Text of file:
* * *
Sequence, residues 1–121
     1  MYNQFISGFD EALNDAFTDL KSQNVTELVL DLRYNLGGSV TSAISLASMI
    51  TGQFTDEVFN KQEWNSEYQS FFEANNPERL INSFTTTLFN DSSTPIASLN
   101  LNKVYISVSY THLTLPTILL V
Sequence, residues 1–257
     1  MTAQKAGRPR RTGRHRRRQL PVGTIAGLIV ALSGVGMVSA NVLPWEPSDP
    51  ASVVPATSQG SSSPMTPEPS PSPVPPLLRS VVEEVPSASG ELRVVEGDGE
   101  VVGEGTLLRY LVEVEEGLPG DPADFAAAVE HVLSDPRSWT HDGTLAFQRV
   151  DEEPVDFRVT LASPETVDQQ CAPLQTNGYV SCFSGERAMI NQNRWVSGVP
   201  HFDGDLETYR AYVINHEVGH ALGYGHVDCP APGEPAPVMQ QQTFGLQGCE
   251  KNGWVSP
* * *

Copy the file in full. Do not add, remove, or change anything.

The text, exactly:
Sequence, residues 1–121
     1  MYNQFISGFD EALNDAFTDL KSQNVTELVL DLRYNLGGSV TSAISLASMI
    51  TGQFTDEVFN KQEWNSEYQS FFEANNPERL INSFTTTLFN DSSTPIASLN
   101  LNKVYISVSY THLTLPTILL V
Sequence, residues 1–257
     1  MTAQKAGRPR RTGRHRRRQL PVGTIAGLIV ALSGVGMVSA NVLPWEPSDP
    51  ASVVPATSQG SSSPMTPEPS PSPVPPLLRS VVEEVPSASG ELRVVEGDGE
   101  VVGEGTLLRY LVEVEEGLPG DPADFAAAVE HVLSDPRSWT HDGTLAFQRV
   151  DEEPVDFRVT LASPETVDQQ CAPLQTNGYV SCFSGERAMI NQNRWVSGVP
   201  HFDGDLETYR AYVINHEVGH ALGYGHVDCP APGEPAPVMQ QQTFGLQGCE
   251  KNGWVSP